There’s two sides to every storm
Let me tell you, living in Canada is not all about playing with white stuff or feeling like the incredible hulk as you add a 5th layer of clothing.
Southern Ontario was hit this week with a major ice storm, and I was reminded how foreign winter phenomena’s are to many people.
An ice storm consists of freezing rain. This is not hail, but instead it’s rain that falls at or just below zero degrees. As it falls it becomes supercooled, which helps it freeze on impact with roads, trees, cars, and powerlines.
Ice storms are much less frequent than the typical snow storm, but have a tendency to wreak havoc. Since the freezing rain causes ice to form on the trees and powerlines, it adds a considerable amount of weight, so it’s common for tree branches to come down on powerlines and cause power outages.
We got a call at 10pm, “The back up generator hasn’t kicked in, the basement is starting to flood”.
When the power goes out in the country, there’s one main issue … so let me introduce you to a sump pump.
A sump pump is probably the most important machine to operate at all times in a rural property. You will generally find a sump pump submerged in a basement, particularly in townships which have a high water table level. It pumps as needed to remove water from the basement drainage system to avoid overflowing and flooding.
When the power goes out in the country, the sump pump stops working.
When your back-up generator doesn’t kick in… any guesses? Yep, your right. The basement starts flooding, and during a snow melt and/or heavy rain, it doesn’t take long.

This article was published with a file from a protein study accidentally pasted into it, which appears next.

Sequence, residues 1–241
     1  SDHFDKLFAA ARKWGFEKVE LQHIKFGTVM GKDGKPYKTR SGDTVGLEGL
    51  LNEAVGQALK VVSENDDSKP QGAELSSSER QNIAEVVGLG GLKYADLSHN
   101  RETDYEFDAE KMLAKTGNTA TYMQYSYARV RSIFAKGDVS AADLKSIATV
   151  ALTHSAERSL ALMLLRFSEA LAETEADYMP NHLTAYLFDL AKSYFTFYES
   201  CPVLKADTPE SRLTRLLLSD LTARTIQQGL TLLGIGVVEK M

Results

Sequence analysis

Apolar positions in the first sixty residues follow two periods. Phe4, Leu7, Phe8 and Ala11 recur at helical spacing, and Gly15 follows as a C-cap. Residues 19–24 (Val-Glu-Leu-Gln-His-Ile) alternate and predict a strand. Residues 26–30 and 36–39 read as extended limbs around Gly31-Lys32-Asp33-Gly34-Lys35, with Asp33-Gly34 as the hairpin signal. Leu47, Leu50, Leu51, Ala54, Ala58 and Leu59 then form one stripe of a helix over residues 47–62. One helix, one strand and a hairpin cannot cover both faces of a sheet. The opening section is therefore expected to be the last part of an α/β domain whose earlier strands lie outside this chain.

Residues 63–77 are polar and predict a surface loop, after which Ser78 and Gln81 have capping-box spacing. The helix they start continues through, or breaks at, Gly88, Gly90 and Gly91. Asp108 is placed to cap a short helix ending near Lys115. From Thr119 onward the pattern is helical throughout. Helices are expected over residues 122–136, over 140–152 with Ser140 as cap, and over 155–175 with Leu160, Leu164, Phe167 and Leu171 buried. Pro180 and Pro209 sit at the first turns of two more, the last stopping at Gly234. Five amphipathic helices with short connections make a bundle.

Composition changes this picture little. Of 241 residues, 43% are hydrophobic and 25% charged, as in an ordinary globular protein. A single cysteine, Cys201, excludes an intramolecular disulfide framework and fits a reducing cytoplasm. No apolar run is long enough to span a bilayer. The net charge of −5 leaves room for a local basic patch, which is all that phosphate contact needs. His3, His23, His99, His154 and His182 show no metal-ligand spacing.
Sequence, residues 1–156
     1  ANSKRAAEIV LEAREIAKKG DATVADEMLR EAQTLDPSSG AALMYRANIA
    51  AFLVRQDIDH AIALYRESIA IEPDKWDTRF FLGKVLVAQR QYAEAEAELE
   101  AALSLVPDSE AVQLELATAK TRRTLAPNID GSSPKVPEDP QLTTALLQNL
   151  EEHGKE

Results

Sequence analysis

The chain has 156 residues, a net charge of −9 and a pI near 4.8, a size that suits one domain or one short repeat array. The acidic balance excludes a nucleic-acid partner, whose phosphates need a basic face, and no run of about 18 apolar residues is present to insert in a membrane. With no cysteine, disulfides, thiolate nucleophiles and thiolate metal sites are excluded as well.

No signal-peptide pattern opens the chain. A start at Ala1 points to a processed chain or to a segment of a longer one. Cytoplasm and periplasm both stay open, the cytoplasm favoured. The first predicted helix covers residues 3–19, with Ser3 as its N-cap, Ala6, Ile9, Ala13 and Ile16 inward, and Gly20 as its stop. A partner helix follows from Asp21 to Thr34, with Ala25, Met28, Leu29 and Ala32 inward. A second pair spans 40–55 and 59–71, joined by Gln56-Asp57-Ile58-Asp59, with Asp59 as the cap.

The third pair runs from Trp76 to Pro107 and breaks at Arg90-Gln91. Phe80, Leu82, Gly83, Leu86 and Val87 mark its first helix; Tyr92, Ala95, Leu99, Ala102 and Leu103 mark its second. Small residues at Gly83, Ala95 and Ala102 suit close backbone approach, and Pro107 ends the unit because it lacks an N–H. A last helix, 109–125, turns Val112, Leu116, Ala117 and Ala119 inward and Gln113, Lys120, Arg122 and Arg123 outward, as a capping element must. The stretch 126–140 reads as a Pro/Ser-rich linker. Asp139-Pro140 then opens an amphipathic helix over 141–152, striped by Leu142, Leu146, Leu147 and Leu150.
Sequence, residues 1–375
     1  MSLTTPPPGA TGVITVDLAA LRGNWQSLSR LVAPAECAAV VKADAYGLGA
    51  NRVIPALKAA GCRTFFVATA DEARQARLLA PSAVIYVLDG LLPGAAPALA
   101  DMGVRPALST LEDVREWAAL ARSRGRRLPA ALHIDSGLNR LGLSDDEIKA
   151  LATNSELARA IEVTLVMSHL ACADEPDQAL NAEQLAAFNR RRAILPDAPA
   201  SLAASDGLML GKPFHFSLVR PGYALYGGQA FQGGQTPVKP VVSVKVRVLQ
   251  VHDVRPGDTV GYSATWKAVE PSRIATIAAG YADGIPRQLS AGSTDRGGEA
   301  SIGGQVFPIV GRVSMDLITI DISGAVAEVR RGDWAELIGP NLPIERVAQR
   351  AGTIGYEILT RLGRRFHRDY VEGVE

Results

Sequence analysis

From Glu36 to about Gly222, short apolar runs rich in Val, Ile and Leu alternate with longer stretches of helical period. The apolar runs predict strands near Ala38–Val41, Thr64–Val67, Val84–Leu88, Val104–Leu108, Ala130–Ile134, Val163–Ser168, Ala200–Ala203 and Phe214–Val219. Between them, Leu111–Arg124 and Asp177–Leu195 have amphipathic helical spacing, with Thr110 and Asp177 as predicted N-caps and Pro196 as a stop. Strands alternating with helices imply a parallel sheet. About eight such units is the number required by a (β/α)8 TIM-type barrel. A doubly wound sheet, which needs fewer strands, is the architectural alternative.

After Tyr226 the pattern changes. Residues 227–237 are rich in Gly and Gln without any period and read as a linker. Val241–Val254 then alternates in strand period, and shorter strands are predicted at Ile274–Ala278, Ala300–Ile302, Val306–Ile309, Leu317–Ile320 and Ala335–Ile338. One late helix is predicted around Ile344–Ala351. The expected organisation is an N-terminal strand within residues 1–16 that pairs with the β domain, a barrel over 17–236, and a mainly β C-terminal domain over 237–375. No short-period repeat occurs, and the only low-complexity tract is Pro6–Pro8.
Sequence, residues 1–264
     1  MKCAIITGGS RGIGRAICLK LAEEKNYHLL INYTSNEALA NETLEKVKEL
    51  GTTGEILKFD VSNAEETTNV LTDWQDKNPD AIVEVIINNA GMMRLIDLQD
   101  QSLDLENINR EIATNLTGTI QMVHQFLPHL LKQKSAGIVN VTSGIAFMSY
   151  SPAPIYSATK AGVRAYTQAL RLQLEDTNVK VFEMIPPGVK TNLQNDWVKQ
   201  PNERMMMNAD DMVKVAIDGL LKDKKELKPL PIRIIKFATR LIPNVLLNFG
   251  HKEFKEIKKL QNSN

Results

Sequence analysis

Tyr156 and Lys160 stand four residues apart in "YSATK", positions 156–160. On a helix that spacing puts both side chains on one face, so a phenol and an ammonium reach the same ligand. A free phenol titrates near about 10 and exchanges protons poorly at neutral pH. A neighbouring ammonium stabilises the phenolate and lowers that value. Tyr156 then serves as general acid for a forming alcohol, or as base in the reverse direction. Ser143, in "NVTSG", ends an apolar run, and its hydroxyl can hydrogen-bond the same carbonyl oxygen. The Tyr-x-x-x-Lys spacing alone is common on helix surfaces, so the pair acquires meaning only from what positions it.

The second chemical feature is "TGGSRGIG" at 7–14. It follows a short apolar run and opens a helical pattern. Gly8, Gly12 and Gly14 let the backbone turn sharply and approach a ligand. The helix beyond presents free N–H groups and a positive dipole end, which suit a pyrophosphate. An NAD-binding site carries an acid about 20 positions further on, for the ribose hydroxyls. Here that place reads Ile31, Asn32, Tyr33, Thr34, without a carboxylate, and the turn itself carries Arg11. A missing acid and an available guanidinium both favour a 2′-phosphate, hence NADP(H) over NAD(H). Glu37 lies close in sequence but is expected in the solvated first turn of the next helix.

We asked, “How much water?”
“I’m treading in water, and it’s only been five minutes.”
“Really?” (Or perhaps some other words to express surprise and immediate concern.) “We’ll be there as soon as we can.”
When we arrived at the property, the water level on the lower half of our basement was now a solid 4 inches underwater. Most things in this room sit on crates to avoid too much damage in this exact situation. However, we probably had only an inch or so before it would move into the higher (and finished) half of our basement, which was full of belongings.
Outside with torches we checked the generator. Maybe the battery was dead, causing it not to start? Well, there was only one way to find out. After finding the manual override button, this was the moment of truth. Would everything be lost in the basement, or would we avoid this by the narrowest of margins?
As we held down the button, it tried to start. It kept trying to start, and a few seconds later it turned over. The sump pump came to life and the water started receding immediately.
A very close call. Phew!
It was a beautiful storm.
There’s two sides to every storm.